The risks that are associated with operating your blasting and explosives business can be exorbitant and there's a chance that you could be looking at serious financial losses, which is why investing in the right type of commercial insurance is so important.
If something unexpected goes wrong, instead of having to pay the related expenses out of your own pocket, you insurance company will cover the costs for you. In other words, Alaska blasting and drilling contractors insurance can help you avoid a devastating financial situation.
What Type Of Insurance Do Alaska Blasting And Drilling Contractors Need?
The specific type of coverage that you'll need depends on several factors, including where your business is located, the specific services you provide, whether or not you employee a staff, and the size of your business.
However, with that said, there are certain types of Alaska blasting and drilling contractors insurance coverage that all contractors working with explosives should carry, including:
- Commercial Property - This insurance covers the physical structure of your commercial property, as well as the contents within it from damages or losses that are caused by acts of nature, theft of vandalism. For example, if a fire were to break out in your facility, commercial property insurance would cover the cost of any repairs that may need to be made or items that need to be replaced.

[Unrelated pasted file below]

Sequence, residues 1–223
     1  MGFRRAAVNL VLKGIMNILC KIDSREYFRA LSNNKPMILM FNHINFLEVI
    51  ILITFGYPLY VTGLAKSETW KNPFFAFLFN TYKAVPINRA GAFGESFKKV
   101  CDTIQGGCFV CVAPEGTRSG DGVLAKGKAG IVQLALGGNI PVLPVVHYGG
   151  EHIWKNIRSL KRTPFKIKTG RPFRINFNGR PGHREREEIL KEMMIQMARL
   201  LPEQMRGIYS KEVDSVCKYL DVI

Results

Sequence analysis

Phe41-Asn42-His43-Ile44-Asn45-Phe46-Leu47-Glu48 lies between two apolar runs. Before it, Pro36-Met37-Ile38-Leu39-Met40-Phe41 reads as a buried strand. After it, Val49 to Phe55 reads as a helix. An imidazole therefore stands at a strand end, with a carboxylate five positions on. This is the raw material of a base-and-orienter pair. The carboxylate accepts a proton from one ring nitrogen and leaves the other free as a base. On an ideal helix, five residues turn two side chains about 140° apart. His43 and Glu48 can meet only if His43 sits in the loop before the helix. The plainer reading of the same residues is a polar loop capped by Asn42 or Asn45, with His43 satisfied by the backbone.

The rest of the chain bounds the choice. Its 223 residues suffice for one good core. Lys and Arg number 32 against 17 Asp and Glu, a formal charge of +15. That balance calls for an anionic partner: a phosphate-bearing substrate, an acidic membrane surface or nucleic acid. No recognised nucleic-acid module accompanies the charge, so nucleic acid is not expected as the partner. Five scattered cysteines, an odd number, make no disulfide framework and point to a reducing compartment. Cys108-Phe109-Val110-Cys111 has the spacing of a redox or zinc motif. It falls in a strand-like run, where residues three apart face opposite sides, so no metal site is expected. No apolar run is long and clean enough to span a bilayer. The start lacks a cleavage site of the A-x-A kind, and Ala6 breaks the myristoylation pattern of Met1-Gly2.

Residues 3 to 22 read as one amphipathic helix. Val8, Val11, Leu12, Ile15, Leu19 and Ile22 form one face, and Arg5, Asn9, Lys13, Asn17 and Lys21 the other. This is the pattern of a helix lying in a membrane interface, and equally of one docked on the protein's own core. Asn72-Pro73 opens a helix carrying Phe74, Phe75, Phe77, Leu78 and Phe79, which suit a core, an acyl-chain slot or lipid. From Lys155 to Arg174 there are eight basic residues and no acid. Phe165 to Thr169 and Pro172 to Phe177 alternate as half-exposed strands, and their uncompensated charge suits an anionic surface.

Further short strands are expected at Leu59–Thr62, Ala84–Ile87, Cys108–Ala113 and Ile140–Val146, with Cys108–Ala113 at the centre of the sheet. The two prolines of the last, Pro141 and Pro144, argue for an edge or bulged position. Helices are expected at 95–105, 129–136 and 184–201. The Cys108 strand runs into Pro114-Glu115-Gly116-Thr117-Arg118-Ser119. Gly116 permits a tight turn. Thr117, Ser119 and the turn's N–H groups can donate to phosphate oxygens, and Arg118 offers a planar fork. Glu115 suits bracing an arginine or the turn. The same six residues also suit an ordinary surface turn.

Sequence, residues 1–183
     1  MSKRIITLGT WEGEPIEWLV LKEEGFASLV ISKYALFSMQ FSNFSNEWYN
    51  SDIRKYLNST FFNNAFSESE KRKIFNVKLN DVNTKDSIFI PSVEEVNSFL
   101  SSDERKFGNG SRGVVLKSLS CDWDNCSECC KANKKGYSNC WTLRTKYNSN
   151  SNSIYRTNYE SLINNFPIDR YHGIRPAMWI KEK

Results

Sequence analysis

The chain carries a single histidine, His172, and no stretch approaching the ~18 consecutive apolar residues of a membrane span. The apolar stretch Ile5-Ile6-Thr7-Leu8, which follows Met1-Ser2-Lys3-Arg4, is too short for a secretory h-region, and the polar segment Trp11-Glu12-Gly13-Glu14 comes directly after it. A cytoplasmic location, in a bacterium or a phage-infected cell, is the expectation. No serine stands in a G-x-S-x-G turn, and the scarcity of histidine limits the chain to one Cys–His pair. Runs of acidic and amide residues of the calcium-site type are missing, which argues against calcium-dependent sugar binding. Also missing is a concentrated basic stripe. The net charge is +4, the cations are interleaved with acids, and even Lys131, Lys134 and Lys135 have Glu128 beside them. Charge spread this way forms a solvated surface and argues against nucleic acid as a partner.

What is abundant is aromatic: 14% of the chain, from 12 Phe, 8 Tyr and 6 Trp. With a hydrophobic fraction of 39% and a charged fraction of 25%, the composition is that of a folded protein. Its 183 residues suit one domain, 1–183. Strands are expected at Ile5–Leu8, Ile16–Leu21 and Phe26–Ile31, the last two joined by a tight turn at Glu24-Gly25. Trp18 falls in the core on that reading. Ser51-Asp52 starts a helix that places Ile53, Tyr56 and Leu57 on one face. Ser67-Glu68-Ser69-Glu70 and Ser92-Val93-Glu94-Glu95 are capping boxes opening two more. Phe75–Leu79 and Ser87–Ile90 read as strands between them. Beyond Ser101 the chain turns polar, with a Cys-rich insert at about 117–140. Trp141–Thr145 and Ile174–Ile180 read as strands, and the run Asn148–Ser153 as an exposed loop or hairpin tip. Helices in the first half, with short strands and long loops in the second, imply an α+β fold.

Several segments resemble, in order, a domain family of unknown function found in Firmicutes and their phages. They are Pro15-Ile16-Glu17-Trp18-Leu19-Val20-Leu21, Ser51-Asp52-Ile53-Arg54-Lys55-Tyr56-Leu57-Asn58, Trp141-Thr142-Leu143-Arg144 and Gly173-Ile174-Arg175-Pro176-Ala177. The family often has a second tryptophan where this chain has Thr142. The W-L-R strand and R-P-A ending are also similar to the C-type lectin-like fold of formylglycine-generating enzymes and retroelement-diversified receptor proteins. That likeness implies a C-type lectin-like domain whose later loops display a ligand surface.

- Commercial General Liability - This type of Alaska blasting and drilling contractors insurance coverage protects you from third-party claims regarding personal and physical injuries, as well as property damages. It will cover your legal defense fees, as well as any compensation that a court may find you liable for.
- Workers Compensation - This type of insurance will cover the costs that are related to any work-related injuries or illnesses that your employees may suffer; for instance, if one of your employees sustains an on-the-job injury, workers' comp will cover their medical care and will reimburse them from wages that may be lost if they are unable to work while recovering from said injury.
The above are just a few of the different types of Alaska blasting and drilling contractors insurance coverage that are needed with contractors using explosives.
For more information and to find out how to properly protect your AK business, speak with an experienced commercial insurance agent.
AK Blasting And Drilling Contractors' Risks & Exposures
Premises liability exposures are severe, both at the contractor's premises where explosives are stored and at any site using blasting material. Lack of proper storage on premises or improperly set explosives at the job site may result in severe bodily injury, loss of life, and major structural damage, either directly or by shock waves.
The noise from detonation may result in serious hearing impairment. The job site must be carefully evaluated before any procedure takes place, including a condition survey of neighboring structures. Occupants of buildings within the blasting area must be evacuated prior to detonation. Blasting operations may attract crowds of onlookers.
Extraordinary measures must be taken to prevent the entry of unauthorized persons to the insured's premises or job site, as explosives are highly attractive to thieves and terrorists. To control access to the job site, the contractor may employ spotters or guards, install gates and barbed wire, post signs, or contact occupants of adjacent properties directly.